‘This is fun. What's the next one?' I say. I know my voice is too loud but I don't care. The room's rocking like a boat and I'm sinking, I really am.

When it's my turn, I pull sheets and sheets of toilet paper off the roll till it pools around my feet.

‘Shall I take her for Team Out?' growls Steve.

I pass the nearly empty roll to a skinny girl, who shakes her head and hands it to Kieran-the-joker.

‘No, leave her here,' says Trish.

‘Who's she? The cat's mother?' I ask.

Rufus raises his voice over the noise. ‘OK, right, you lot. Stop clapping and chanting now please. Um, the rules are: each person must now take it in turns to tell the group a few fun facts about themselves…and the number of facts must equal the number of sheets of paper that the person holds.'

Everyone is looking at me: I'm holding twenty or thirty sheets.

‘Facts must be new information to the group and only one very short sentence each,' he explains.

‘I'm not telling you lot anything about myself,' I say, and my voice comes out all thick.

No frickin way.

Silence pulses, hot and prickling.

Freeze him with my gaze. Watch him crumble.

‘So why don't you take your stupid game and use it to wipe your arse?'

And I crash out of the room to go and find somewhere that doesn't have a team in it.

 

Birds

The effort of climbing up to the observatory platform has made me feel sick and I hang over the railing and breathe deep.

I wish I had a fag.

I don't want a fag.

I still have bog roll in my hand and I rip off the sheets, one by one.

Fact: I destroy everything I touch.

Fact: I have done something so terrible it can't be undone.

Fact: I have snakes for hair.

Fact: Anyone who looks into my eyes gets turned to stone.

Fact: Cassie, my mother, shags for money.

Fact: I make the best Turkish coffee.

Fact: Out of all the exhibits in the Horniman Museum, I like the flying fish best.

Fact: I once had a little brother.

Fact: I don't like the dark.

Fact: There is nothing I don't know about vocal jazz and blues.

Fact: I am a rock. And I feel nothing. Ever.

I use the rest of the bog roll to wipe my eyes and let it all flutter down, where it hangs stupid and pink off the branch of a tree, and now I feel bad because it looks crap and the tree was nice before.

A dark cloud is heaving itself out of the tree tops. It spills and separates; it is birds, lifting and looping. I watch forever because it's crazy-beautiful; I wish Johnny was here to see it.

‘That's a murmuration of starlings,' says a voice from behind me.

Hi I'm Rufus!

I don't turn round.

‘Just before dusk is the best time to see them. They're performing their aerial dance as they choose their communal night-time shelter. In winter we get as many as a hundred thousand, all dancing together.'

The birds look like someone's moving a giant magnet through them. I could stare at them all evening.

He takes a picture with his phone. ‘Trish sent me to find you.'

I scowl. ‘Don't you have some more games to play?'

He shrugs. ‘I don't think anyone was paying much attention. Where are you from?'

‘Where are
you
from? Sound like you've swallowed a dictionary.'

It's getting dark, but I can feel his blush from here.

‘Well, I'm actually from Surrey, but I went to school in the north of Scotland…'

I'm not interested; I watch the starlings swirl. I wish I had my music with me; their dance would go with one of Ella's improvised scats just perfect.

‘…a boarding school called Gordonstoun. We learnt a lot about seamanship when we used to take the school's sailing boat out on expeditions. That's why they took me on at TeamSkill.'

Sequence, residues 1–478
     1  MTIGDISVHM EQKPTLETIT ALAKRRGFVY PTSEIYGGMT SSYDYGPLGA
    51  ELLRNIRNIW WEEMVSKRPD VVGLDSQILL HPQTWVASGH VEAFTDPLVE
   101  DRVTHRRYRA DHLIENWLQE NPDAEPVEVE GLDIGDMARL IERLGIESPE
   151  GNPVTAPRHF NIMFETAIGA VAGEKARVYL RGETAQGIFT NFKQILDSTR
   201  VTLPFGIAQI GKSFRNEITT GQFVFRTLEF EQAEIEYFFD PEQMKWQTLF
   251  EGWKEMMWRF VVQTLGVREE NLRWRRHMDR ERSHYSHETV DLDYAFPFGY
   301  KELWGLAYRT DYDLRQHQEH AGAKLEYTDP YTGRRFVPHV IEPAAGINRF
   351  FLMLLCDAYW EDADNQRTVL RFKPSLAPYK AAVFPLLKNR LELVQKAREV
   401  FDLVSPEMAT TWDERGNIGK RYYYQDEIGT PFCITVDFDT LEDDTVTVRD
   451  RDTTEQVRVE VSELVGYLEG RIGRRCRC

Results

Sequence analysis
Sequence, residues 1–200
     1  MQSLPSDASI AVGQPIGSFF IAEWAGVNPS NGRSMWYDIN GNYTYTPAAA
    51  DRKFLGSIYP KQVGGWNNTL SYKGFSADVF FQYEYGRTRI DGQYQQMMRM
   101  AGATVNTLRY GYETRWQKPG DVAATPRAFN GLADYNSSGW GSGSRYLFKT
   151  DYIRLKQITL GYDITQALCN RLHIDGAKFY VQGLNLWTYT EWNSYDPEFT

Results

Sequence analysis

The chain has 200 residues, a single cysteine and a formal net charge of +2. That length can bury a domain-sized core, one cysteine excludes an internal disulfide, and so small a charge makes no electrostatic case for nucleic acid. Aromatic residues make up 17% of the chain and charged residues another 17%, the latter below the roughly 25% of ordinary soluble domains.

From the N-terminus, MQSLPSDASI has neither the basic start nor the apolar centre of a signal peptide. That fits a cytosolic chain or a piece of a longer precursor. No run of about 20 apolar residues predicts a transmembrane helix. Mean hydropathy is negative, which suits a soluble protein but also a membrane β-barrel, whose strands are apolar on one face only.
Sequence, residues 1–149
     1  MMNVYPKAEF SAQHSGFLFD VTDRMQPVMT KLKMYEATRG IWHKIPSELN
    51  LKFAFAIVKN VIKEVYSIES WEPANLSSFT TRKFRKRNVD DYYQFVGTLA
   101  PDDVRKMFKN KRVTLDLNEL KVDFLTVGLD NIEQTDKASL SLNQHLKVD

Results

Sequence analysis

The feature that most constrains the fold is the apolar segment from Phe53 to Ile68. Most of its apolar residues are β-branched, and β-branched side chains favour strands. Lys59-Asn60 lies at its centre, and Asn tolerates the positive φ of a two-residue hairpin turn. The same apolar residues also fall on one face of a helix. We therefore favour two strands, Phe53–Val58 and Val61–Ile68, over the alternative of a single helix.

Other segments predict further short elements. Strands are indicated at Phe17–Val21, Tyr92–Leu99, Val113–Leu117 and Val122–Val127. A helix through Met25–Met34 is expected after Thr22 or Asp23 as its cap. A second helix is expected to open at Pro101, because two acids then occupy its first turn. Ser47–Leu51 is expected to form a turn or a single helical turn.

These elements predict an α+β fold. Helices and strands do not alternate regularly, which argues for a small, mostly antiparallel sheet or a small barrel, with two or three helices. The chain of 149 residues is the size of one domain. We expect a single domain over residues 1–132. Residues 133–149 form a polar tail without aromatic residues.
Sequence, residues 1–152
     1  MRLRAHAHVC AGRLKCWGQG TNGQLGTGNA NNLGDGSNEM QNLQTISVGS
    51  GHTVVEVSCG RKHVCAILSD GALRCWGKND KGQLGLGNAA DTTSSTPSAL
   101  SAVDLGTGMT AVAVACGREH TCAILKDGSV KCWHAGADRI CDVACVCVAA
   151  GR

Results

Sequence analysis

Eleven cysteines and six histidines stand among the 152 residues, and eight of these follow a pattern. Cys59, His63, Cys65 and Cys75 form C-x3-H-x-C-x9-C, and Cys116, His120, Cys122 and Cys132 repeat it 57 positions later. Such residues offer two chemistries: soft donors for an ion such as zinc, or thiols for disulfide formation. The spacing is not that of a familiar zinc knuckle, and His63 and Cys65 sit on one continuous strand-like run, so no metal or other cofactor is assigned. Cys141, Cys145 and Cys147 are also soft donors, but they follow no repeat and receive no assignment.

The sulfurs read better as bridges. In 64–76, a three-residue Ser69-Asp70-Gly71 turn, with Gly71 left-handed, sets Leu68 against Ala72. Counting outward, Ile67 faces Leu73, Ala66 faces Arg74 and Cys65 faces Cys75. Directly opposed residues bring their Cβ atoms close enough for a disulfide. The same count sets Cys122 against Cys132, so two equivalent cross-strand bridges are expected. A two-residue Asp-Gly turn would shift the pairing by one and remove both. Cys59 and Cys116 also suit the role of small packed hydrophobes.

I've got myself together again now.

I don't know why this boy's come up here. If I was him, I wouldn't get within ten metres of me for ruining his team game.

I lean my head against the railing and close my eyes.

Rufus's voice drifts in and out and the night settles like the tide.

 

Sun

Big mistake to fall asleep hanging out of the top of a life raft in the burning sun.

I unstick my cheek from the rubber and try to open my eyes.

Sun slices, burning the back of my neck raw. I lick my cracked lips and duck back inside.

Something rolls under my foot. The torch.
At least I've found the torch.
I flick it on and it gives a feeble glare.

I reach for another water sachet. Stop.

I stare again at the knife, the sun cream, the fishing line with its row of hooks.

The tiny plastic packet of matches nudges my knee. I pick it up and stare at them.

Three matches left.

Three water sachets left.

I don't know how many days that is to die.

I think of Coral's face, pale as the moon in the watery cabin; think of her billowing hair stroking my cheek.

I curl up tight at the bottom of my flickering world and close my eyes.

Nudge.

Something is butting against my hip beneath the raft. I jolt up, heart thudding.

Nudge.

Bigger this time; harder. More insistent. I draw my legs up and press against the walls, holding my breath.

Nudge.

And this time I think I see something pressing up against the base of the raft. It's smooth and muscled and solid. A whale? A shark?

Panicking, I grab the safety knife, then a voice in my head screams,
No, no – you'll puncture the raft
. I throw the knife down, trembling.

It's under the raft now and I drum with my feet to bash it, again and again, on its rocky head, its jagged back.

I huddle in the bottom of the sagging raft, shivering, too tired to fight any more.

And then everything stops.

 

Tree

Bump.

It takes me a moment to think what's different. And then I realise that I'm no longer moving.

The raft is bumping against something gently. The floor beneath my legs is still. The sound of the restless, tugging roof canopy has stopped.

I push up through the roof and shield my eyes against the sudden sunlight.

Something is waving at me; something with blurry fronds like hands.

A tree.

I blink. In the tree there is a bird, and below the tree there is a rock.

A rock. A bird. A tree.

The raft is caught up on the rock by its trailing rope, and the water around the rock is white-blue and shiversshiversshivers in the sun.

Before me, a long white beach lies open like a blank page.

Sea has turned to land.

I clamber inside to shove all the stuff into the Red Nylon Bag, and when I climb back up through the roof, I almost fall and the raft slides and bounces.

BOOK: The Island
4.51Mb size Format: txt, pdf, ePub
ads